“This is how it is with the kingdom of God; it is as if a man were to scatter seed on the land and would sleep and rise night and day and the seed would sprout and grow, he knows not how. Of its own accord the land yields fruit, first the blade, then the ear, then the full grain in the ear.” (Mark 4:26-28)
Sometimes I think we are too quick to be comforted by the Scriptures we hear in church and consider in Bible Study, like the parable above. Maybe it is about the wonder of faith or the need to be ready to bring in the harvest. Or it might be about our complete inability to control the coming kingdom as though our believing (or not) affects its coming. This second possibility is uncomfortable because it leaves us vulnerable. God’s kingdom comes apart from our efforts, cannot be controlled or influenced, and can only be received as a gift. In this sense, faith is apparently a lot more like falling in love than making a decision. Because faith, like love, is something that comes from the outside and grabs hold of you, whether you want it to or not.
If this is true, then how are we to regard those who do not seem interested in our homilies, parish, or the Kingdom of God? The members who have “fallen away,” the family members who opt to golf on Sundays, the friends or co-workers who think our attendance on Sunday is nice but seem to have no interest in why we go? Are these folks objects to be targeted, persuaded, and cajoled into faith? Or are they mysteries to be understood and loved, part of the fertile soil that God may be working apart from our efforts. And perhaps the faith we hold, the bits of the kingdom we have perceived, can only be offered with no strings attached, with the same enthusiasm and generosity of a child.
What about the parable of the mustard seed? “To what shall we compare the kingdom of God, or what parable can we use for it? It is like a mustard seed that, when it is sown in the ground, is the smallest of all the seeds on the earth. But once it is sown, it springs up and becomes the largest of plants and puts forth large branches, so that the birds of the sky can dwell in its shade.” (Mark 4:30-32) Perhaps it is about how God can grow small things into grand ones. Or maybe, just maybe, it’s really about the kingdom’s desire for penetrating and taking over our lives. The mustard bush/tree had the ability to be like an invasive weed, something you want to keep off your property at all costs because it runs amok easily, gets out of hand, and takes over whatever ground it infests.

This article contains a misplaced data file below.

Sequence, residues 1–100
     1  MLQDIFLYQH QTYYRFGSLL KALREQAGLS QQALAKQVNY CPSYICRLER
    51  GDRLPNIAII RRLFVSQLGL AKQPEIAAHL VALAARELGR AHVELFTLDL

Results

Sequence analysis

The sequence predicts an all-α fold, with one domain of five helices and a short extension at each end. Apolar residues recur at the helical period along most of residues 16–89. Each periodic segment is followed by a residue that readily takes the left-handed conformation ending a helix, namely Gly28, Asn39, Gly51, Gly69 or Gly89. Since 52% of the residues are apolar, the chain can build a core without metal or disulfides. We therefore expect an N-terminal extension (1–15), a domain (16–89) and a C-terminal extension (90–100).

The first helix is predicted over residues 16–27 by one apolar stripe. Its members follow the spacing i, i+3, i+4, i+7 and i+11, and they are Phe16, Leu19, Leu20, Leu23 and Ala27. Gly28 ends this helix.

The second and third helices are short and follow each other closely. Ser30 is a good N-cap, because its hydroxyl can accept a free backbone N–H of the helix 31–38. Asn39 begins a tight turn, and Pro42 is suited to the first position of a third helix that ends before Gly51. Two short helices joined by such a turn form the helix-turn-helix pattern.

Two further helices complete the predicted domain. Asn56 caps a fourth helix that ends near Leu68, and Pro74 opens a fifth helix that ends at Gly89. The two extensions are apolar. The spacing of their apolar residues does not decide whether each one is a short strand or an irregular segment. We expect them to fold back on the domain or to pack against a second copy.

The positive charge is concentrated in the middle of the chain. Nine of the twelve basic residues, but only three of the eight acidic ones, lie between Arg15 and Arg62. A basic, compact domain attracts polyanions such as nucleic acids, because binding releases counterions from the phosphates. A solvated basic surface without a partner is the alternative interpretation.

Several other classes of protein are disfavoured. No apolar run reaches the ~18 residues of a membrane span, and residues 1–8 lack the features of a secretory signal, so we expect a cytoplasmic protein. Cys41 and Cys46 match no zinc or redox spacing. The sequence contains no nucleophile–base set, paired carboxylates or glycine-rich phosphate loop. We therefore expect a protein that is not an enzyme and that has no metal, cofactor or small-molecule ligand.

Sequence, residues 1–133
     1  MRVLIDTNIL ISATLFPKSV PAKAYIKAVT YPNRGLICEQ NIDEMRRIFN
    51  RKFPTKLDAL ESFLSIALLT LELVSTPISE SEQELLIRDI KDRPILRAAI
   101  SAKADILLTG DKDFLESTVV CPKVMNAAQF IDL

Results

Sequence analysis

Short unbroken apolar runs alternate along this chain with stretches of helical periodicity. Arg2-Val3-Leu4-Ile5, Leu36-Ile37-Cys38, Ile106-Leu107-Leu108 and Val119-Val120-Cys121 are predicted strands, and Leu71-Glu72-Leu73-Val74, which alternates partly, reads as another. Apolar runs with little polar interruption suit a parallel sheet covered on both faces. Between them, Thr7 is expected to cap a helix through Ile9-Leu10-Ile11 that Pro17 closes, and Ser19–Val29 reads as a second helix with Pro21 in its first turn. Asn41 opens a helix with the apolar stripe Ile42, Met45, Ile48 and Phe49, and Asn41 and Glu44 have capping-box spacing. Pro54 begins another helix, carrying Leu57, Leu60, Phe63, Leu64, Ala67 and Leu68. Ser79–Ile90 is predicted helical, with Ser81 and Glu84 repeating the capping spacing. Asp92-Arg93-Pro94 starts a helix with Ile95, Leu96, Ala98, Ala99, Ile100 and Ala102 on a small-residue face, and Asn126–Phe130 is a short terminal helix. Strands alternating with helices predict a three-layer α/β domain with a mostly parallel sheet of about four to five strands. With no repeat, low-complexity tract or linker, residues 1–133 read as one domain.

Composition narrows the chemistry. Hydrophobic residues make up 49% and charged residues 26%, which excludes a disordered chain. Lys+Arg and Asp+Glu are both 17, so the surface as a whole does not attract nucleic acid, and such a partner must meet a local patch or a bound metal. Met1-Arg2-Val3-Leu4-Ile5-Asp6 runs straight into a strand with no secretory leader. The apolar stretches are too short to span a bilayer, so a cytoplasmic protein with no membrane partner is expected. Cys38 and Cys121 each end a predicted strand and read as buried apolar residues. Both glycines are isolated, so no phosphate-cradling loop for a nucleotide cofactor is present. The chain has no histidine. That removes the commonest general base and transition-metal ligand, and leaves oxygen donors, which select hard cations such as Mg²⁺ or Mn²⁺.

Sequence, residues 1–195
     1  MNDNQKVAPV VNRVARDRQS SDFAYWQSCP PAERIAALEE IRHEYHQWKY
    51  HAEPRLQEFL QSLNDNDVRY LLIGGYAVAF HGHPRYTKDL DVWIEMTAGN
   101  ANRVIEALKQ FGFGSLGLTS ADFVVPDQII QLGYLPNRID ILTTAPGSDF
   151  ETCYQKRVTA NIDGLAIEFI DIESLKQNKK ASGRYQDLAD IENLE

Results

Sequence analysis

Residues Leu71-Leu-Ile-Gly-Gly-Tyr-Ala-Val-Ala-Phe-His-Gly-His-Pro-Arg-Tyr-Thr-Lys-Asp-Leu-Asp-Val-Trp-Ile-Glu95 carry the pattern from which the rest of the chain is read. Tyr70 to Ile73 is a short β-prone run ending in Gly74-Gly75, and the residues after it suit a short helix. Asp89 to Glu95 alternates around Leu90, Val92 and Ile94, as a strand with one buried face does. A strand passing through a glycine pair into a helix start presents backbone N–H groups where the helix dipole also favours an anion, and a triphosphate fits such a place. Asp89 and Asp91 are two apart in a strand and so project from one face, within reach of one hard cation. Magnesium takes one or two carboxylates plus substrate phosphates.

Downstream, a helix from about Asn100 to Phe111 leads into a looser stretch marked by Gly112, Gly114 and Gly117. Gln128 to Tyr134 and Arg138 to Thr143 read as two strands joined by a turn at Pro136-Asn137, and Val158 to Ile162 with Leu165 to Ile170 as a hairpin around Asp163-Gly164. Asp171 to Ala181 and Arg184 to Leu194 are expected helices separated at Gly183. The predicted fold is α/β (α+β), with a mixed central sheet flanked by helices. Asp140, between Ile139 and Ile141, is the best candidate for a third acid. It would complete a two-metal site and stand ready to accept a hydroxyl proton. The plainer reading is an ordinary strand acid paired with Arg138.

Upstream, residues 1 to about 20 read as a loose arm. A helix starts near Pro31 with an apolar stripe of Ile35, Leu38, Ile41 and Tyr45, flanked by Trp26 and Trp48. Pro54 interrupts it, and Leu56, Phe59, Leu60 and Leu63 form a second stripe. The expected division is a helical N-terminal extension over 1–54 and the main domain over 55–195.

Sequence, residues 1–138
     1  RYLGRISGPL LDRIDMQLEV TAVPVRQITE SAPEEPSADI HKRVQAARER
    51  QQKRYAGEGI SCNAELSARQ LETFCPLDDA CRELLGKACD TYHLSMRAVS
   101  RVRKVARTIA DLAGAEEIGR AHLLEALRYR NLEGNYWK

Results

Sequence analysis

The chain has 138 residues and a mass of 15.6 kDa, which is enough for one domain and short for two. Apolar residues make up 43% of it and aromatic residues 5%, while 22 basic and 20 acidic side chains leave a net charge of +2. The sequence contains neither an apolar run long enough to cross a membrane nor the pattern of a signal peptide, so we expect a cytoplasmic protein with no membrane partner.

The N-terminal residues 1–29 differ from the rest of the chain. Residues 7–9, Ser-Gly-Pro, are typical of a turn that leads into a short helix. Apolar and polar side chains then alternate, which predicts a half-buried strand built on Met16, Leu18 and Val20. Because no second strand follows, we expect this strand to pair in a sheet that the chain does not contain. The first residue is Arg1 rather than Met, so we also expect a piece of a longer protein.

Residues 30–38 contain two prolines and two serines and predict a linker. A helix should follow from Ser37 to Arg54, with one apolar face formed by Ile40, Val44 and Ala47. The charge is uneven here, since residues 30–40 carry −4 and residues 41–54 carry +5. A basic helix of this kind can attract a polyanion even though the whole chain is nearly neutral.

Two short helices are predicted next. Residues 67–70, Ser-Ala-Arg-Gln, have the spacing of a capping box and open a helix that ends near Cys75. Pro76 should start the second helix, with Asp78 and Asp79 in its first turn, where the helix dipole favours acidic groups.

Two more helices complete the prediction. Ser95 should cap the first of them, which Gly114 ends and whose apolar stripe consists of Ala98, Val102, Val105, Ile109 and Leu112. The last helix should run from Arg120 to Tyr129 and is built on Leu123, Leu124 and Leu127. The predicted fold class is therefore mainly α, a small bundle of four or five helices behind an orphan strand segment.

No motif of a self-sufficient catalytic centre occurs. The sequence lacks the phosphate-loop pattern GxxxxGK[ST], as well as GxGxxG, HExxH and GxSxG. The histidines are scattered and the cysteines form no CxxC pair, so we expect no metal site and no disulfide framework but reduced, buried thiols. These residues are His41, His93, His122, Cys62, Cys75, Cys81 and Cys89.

So also with God’s kingdom. If it were packaged maybe there would be a warning label – “use only in moderation” or “may be hazardous to your health.” But that’s just it, the kingdom isn’t a commodity to be bought and sold or used diligently but carefully. It’s a reality that invades, overturns, and eventually overcomes the world you thought you knew. It’s a word of promise that creates hope and expectation to leave behind your old ways to live into it. The kingdom is dangerous because you just don’t know where it will take you or what you will do when it seizes hold of you.
The Kingdom of God comes of its own…and comes for us. The Kingdom Jesus proclaims has room for everyone. It overturns the things the world has taught us are insurmountable and creates a new and open future. Perhaps that is just a bit frightening